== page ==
finding that the failure to instruct the jury as to the element of the crime that the victim was a member of defendant's household was harmless errorSummary of this case from People v. Cirasuolo
Opinion filed February 6, 2003. Rehearing denied March 31, 2003.
Appeal from the Appellate Court for the Third District; heard in that court on appeal from the Circuit Court of Will County, the Hon. Amy Bertani-Tomczak, Judge, presiding.
James E. Ryan and Lisa Madigan, Attorneys General, of Springfield, and Jeff Tomczak, State's Attorney, of Joliet (Joel D. Bertocchi, Solicitor General, William L. Browers, Lisa Anne Hoffman and Mary Beth Burns, Assistant Attorneys General, of Chicago, and Norbert J. Goetten, John X. Breslin and John M. Wood, of the Office of the State's Attorneys Appellate Prosecutor, of Ottawa, of counsel), for the People.
Robert Agostinelli, Deputy Defender, and Santiago A. Durango, Assistant Defender, of the Office of the State Appellate Defender, of Ottawa, for appellee.
Defendant Erin Thurow was charged, under sections 9 — 3(a) and (f) of the Criminal Code of 1961 ( 720 ILCS 5/9-3(a), (f) (West 1998)), with involuntary manslaughter of a family or household member. The jury was instructed on the elements of simple involuntary manslaughter ( 720 ILCS 5/9-3(a) (West 1998)), and defendant was found guilty by the circuit court of Will County. At sentencing, the judge determined that defendant was eligible for an enhanced sentence because the victim, Michael Mostowski, was a member of defendant's household. 720 ILCS 5/9 — 3(f) (West 1998). In the alternative, the judge concluded that defendant was eligible for an extended-term sentence because of the tender age of the victim. 730 ILCS 5/5-5-3.2(b)(4)(i) (West 1998). The court sentenced defendant to eight years in prison. On appeal, the appellate court vacated the sentence, concluding that it violated the Supreme Court's holding in Apprendi v. New Jersey, 530 U.S. 466, 147 L. Ed. 2d 435, 120 S. Ct. 2348 (2000). The appellate court remanded for a new sentencing hearing, directing that the sentence not exceed the five-year maximum for simple involuntary manslaughter. 318 Ill. App. 3d 128. We allowed the State's petition for leave to appeal. 177 Ill. 2d R. 315. For the reasons set forth below, we affirm in part and reverse in part the judgment of the appellate court.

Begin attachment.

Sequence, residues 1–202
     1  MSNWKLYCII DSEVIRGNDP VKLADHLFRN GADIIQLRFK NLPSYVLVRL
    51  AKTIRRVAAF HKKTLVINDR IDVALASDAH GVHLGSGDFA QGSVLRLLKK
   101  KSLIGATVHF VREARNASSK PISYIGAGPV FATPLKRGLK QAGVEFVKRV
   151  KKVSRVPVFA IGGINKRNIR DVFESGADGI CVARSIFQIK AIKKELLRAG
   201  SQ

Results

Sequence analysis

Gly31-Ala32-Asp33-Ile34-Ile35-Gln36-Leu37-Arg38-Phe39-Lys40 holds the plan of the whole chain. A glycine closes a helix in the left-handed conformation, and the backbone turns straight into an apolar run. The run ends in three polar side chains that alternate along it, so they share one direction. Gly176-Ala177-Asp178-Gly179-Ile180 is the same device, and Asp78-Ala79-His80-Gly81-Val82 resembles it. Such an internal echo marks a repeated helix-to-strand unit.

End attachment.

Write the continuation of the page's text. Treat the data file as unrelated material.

The following facts, which are essentially undisputed, are taken from the testimony at trial and other materials of record. Defendant Erin Thurow first met Michelle Mostowski in November 1997 when Mostowski moved into a homeless shelter in Elgin where defendant Thurow and her three-year-old daughter, Tianna, were staying. During the next several weeks, the two women became friends. On December 14, defendant left the shelter and moved into an apartment in Joliet, where her daughter joined her a few days later. At defendant's suggestion, Mostowski moved in with defendant and her daughter on January 2, 1998. For the next eight months, defendant was the sole source of financial support for the household.
Mostowski, who had been pregnant when she entered the shelter in Elgin, gave birth to a son, Michael, on April 21, 1998. Defendant was in the delivery room with Mostowski when the child was born. Up until this time Mostowski, who was not employed, had taken care of defendant's child while defendant was working. Subsequently, Mostowski watched both of the children.